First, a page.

Manchester ambulance contract debate roils onBy TED SIEFER
New Hampshire Union Leader
June 25. 2013 11:00PM
MANCHESTER — The city's fire chief is challenging the accuracy of meeting minutes that indicated strong support for the company he did not back for the city's emergency ambulance contract.
Fire Chief James Burkush last week recommended that the current ambulance company, American Medical Response, win the next five-year contract. Two other companies had responded to the Request for Proposals, American Ambulance of New England and CarePlus.
The comments come as the aldermen prepare to vote on the contract at their meeting next Tuesday. Last week, the Committee on Administration voted to back Burkush's recommendation for AMR, which faced harsh criticism in 2011 and 2012 over its billing practices.
Draft minutes from the final meeting of the contract review committee, which included two aldermen and several department leaders and fire department employees, indicated that a majority supported American. Another sheet included with the minutes showed that American received a higher numerical score than AMR.
Burkush said the draft minutes were inaccurate because no formal vote had been taken on the contract. "The draft minutes were incorrect," he said. "We agreed (at the meeting) that there was no consensus" for one provider or another.
Burkush said the scoring sheet, which gave American 52 points and AMR 43, came from only one member of the panel, and that any other sheets filled out by the committee weren't tabulated.
"It was brought up, not by me, in the committee, that people felt (the scoring) was too subjective," Burkush said.
The revised minutes from the meeting, which took place on June 13, are nearly identical to the draft version, except they don't include a vote tally. That tally showed that six people thought American was the better candidate, including Finance Director Bill Sanders and Public Health Director Tim Soucy. Three people at the meeting backed AMR, as did, according to the document, two fire department personnel "who were not committee members but voiced their support for AMR."
Burkush has since said that the two fire department employees were members of the committee.
Ward 4 Alderman Jim Roy, who backed American and had released the original minutes from the meeting, called the new version "scrubbed."
"It's shocking," said Roy, who is a former city firefighter. "The minutes are the minutes. To sanitize them is above and beyond. Just because someone doesn't like the way it sounds, I'm flabbergasted."
The battle over the high-stakes ambulance contract has generated heated allegations, and has involved the state and national firefighters unions. The International Association of Fire Fighters has been critical of American, a division of a Denmark-based multinational corporation.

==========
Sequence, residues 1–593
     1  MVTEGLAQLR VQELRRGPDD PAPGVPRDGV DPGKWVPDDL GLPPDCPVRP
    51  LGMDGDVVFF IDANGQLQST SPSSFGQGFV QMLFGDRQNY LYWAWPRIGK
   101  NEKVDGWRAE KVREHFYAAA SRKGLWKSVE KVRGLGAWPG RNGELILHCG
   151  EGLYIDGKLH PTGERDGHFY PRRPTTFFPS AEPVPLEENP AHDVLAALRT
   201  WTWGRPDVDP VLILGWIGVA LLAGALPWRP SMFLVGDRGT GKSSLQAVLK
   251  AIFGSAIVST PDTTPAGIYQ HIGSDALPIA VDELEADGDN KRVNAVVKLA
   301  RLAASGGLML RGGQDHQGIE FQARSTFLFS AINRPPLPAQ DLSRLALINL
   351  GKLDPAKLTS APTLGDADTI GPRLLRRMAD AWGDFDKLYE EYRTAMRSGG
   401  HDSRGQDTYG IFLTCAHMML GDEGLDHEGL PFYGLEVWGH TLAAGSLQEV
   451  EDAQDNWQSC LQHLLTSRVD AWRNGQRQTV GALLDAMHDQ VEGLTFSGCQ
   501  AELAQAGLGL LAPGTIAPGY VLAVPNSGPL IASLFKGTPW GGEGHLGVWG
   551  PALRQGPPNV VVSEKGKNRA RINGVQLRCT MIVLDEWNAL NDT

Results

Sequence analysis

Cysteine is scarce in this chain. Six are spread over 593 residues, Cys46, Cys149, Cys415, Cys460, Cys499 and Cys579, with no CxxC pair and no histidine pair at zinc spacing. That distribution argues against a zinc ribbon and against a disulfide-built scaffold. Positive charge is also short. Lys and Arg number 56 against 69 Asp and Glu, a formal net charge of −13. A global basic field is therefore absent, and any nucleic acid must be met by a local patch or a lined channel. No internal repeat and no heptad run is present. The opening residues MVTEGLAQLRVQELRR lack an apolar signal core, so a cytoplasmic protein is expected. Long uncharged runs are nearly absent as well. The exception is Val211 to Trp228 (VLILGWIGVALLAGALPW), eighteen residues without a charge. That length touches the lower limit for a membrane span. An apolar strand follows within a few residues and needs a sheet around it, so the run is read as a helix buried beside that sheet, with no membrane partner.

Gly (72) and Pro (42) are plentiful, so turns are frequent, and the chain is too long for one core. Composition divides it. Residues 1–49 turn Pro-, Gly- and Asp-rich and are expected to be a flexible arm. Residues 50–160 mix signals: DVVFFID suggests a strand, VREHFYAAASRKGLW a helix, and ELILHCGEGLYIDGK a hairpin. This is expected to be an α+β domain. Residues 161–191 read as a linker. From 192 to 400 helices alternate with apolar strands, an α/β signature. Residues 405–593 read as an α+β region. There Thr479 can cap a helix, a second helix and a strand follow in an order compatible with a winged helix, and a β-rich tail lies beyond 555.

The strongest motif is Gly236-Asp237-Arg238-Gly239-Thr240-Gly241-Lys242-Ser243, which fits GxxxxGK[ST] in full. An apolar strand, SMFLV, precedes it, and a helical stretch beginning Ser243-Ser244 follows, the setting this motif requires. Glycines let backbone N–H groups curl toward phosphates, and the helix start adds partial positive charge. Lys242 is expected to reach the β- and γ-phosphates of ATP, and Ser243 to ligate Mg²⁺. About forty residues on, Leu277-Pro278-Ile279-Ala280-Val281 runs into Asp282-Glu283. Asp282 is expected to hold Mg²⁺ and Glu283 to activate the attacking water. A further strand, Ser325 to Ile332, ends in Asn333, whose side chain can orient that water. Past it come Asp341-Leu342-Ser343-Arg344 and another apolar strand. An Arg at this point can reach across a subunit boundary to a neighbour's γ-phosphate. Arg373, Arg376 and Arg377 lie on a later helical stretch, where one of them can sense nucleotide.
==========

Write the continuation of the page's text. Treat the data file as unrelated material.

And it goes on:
Brendan McNiff, American's chief operating officer, said he had "no idea" if union support for AMR, which is unionized and is the largest private ambulance company in the U.S., had swung any opinions in its favor.
But he forcefully disputed the argument that AMR had corrected its billing problems by setting up a local office.
"It's very easy for some people now to say, AMR fixed its ills. I worked for them for 20 years. They have consolidated billing in Ohio. What they proposed here are just to have some customer service representatives," McNiff said, adding that American would be setting up its own office in Manchester.
Until late last year, McNiff was a top executive at AMR. He said after he resigned, the company implored him to come back as CEO.
"I said no. It was a conscious decision. I wanted to join an organization that is privately held, and didn't put making money at its core, but providing ambulance transportation."
McNiff said AMR was highly motivated to win the Manchester contract in order to show it was gaining "market share" as its parent company, Emergency Medical Services, prepares to again go on the stock market.
Chris Stawacz, AMR's general manager for Maine and New Hampshire, maintained that, if the company does go public, it would not hinder its operations. "I think it would make us stronger. It gives us more capital to reinvest in ourselves and provide better equipment," he said.
Stawacz said AMR has greatly improved its performance, since a management shake-up late last year.
"We've worked hard to correct mistakes the previous management team made, and I believe we've made significant progress, and we're proud of it. We're glad to call Manchester our home," he said.
Meanwhile, CarePlus, the other company that bid for the contract, is calling on the aldermen to start over.
In a letter to Burkush and the aldermen, CarePlus CEO Eric Damon, wrote: "Under the circumstances and considering the perception being promoted in the media of a 'tainted bid process,' we would strongly urge that all bids for the current offering be discarded and that the 911 Contract be re-bid at a later date."